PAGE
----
The Fab Four also included Smokey Robinson's own composition 'You Really Got A Hold On Me'.
motortown revue 1962
Although predominantly a label for Black artists, Berry did recruit some White peformers to the label over the years as the labels mass appeal began to beome more relevant.
Berry also employed several white workers and managers at the company's headquarters named Hitsville USA on Detroit's West Grand Boulevard.
Motown was, however, undeniably an African-American artist based label, with Berry carefully controlled their artists public image, dress, manners and choreography.
Maxine Powell was enlisted to encourage the artists with their dress appearance stating that her new recruits were her 'diamonds in the rough', thus requiring her personal grooming tutelage.
Berry Gordy was a hugely gifted businessman, shrewd, however he transformed Motown into a massive musical success.
As Motown's influence and reputation grew, Berry created the style that he dubbed 'The Sound of Young America'.
holland brothers, lamont dozier and the supremes
Throughout the Sixties, Berry signed many artists including Mary Wells, The Supremes, Marvin Gaye, The Temptations, The Four Tops, Gladys Knight and The Pips, The Commodores, The Velvelettes, Martha & the Vandellas, Stevie Wonder and The Jackson 5.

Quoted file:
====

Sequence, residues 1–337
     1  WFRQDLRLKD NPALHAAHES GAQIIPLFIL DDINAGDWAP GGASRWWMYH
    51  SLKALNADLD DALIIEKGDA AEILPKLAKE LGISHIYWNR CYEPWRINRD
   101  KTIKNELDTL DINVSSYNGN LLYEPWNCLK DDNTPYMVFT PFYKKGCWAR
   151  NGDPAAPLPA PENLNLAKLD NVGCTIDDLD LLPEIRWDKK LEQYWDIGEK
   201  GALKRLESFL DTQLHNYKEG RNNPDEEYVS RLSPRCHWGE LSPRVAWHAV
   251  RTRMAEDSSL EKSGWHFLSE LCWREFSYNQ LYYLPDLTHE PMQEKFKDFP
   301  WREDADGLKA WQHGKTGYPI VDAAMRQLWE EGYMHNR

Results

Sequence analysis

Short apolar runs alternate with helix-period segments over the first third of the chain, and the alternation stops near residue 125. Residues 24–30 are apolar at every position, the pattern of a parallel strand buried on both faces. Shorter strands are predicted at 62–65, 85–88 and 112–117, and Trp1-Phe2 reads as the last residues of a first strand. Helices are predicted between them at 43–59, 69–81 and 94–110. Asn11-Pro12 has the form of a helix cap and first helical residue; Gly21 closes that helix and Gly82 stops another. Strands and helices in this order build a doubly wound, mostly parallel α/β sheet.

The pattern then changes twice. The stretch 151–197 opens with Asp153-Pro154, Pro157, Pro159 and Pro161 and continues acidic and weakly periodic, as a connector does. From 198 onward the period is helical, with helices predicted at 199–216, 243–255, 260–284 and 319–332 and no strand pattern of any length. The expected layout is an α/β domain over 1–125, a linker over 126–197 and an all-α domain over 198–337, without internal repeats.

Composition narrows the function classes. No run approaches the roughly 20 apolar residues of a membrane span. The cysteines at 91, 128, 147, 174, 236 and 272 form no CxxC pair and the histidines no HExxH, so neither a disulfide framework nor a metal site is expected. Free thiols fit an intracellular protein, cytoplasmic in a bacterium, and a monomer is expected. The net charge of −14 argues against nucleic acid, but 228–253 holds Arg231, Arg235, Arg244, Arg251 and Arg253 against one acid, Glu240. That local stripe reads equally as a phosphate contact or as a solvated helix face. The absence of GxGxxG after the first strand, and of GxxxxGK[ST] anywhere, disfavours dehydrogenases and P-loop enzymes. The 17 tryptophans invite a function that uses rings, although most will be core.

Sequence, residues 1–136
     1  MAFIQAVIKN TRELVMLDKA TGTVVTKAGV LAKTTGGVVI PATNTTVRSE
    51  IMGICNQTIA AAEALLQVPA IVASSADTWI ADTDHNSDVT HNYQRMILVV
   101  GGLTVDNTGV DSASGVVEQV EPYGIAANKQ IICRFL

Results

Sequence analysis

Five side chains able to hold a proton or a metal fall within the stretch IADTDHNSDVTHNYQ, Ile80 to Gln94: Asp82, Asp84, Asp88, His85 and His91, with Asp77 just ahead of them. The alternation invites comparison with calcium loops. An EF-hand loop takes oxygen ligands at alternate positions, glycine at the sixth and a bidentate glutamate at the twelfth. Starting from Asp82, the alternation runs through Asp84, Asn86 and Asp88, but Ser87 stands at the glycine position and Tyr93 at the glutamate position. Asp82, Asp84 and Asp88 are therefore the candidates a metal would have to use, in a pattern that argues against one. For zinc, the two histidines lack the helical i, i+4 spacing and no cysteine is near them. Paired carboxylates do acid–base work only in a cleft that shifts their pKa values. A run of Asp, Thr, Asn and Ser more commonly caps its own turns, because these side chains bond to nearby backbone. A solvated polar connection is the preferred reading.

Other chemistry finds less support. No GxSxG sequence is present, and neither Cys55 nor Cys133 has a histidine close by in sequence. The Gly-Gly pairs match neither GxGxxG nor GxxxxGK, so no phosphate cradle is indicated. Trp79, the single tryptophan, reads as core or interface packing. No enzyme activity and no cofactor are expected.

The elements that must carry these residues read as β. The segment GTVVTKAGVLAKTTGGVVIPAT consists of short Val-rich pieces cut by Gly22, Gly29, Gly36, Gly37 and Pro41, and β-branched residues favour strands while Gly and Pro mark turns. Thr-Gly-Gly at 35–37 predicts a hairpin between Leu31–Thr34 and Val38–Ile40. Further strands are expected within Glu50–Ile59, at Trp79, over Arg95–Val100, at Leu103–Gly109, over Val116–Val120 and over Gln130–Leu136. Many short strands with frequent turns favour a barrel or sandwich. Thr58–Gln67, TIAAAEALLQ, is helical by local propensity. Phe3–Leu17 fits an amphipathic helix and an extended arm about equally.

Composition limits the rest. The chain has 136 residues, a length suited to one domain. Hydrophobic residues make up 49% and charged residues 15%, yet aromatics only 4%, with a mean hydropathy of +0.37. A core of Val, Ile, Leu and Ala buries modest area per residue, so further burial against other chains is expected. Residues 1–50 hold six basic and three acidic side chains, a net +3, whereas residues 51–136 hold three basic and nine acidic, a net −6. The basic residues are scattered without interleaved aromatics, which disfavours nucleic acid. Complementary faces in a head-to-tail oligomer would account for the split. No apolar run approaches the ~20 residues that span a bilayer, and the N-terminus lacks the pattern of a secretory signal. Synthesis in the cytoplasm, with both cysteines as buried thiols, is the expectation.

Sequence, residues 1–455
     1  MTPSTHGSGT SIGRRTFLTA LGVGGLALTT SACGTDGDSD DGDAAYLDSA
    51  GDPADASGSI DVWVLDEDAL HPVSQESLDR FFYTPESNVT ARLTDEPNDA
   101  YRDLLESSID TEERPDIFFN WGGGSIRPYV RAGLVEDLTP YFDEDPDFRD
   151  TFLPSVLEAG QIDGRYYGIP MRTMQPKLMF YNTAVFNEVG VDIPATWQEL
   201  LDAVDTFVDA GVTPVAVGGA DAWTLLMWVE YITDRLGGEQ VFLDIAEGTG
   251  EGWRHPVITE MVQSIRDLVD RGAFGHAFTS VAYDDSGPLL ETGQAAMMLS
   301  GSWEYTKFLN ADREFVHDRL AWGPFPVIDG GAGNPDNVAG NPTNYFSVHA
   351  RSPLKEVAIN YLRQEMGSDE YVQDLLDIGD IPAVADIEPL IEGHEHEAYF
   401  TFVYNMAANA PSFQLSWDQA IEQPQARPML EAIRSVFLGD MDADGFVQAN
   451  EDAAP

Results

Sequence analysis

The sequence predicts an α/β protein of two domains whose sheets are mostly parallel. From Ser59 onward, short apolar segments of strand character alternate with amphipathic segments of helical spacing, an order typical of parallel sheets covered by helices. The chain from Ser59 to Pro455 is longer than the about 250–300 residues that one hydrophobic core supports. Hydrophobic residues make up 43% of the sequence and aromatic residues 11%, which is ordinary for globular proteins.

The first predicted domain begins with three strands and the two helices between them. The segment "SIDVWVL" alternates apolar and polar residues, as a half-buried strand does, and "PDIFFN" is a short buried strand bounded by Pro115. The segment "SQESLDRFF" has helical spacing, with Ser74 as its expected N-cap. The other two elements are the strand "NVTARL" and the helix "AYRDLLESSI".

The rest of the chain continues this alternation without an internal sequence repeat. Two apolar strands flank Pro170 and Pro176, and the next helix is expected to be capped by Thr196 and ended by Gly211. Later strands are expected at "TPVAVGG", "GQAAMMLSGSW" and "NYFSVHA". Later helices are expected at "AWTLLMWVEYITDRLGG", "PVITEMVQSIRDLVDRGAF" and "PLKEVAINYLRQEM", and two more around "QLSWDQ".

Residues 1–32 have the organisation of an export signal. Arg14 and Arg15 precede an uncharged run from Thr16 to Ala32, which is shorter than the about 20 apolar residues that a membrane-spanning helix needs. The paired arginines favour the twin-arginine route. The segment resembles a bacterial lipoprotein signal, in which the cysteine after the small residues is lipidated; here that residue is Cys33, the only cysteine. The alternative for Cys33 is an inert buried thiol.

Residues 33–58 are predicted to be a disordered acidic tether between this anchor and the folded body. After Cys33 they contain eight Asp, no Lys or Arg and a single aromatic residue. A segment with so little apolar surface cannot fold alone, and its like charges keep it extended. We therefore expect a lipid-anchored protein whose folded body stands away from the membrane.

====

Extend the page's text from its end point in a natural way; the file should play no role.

Berry Gordy relocated the Motown label from Hitsville in Detroit to Los Angeles, California during 1968, following riots at the time in the Motor City.
berry and diana ross
Berry did, around this time, have a five year relationship with the label singer, Diana Ross.
The pair had a daughter called Rhonda Ross Kendrick in 1971.
Their relationship was part of the company's backbone, and her eventual decision to leave Motown in the early 80's was read as an indicator of the label's declining fortunes.
Berry's son Kennedy Gordy is the son out of a relationship with Berry's ex-girlfriend Margaret Norton.
Kennedy is better known as the Motown musician Rockwell.
By 1972, Berry had relocated all departments of the label to Los Angeles, thus closing the Hitsville studios.
In 1973, he divided the company into subsidiaries under the Motown Industries umbrella.
This enabled Berry to move Motown into other area's of the media.
During the Seventies, various movie vehicles came to the fore.
'Mahogany', followed which also starred Diana Ross.
Berry re-signed Stevie Wonder for the label in 1976, releasing 'Songs In The Key Of Life', an album which launched the newly redesigned Motown label.
By 1985, Berry had produced the cult martial arts film 'The Last Dragon'.
Motown continued to produce major hits at Motown throughout the 70's and 80's, however, the label had lost it's early spark and Berry sold his interests in Motown Records to MCA and Boston Ventures in 1988 for $61 million.
He was later to sell most of his interests in the Jobete publishing concern to EMI Publishing.
In 1990 Berry Gordy was inducted into the Rock and Roll Hall of Fame.
He then published an autobiography entitled, 'To Be Loved', in 1994.
Berry was inducted into the Junior Achievement U.S. Business Hall of Fame in 1998.
In 2001, Berry Gordy established a relief fund for former Motown Artists, Musicians & Writers who are down on their luck.
The Gwendolyn B. Gordy Fund assisted artists from the 60's and 70's with Gordy donating $750,000 in the name of his late sister.
He recently bought a retirement home in Palm Desert, California.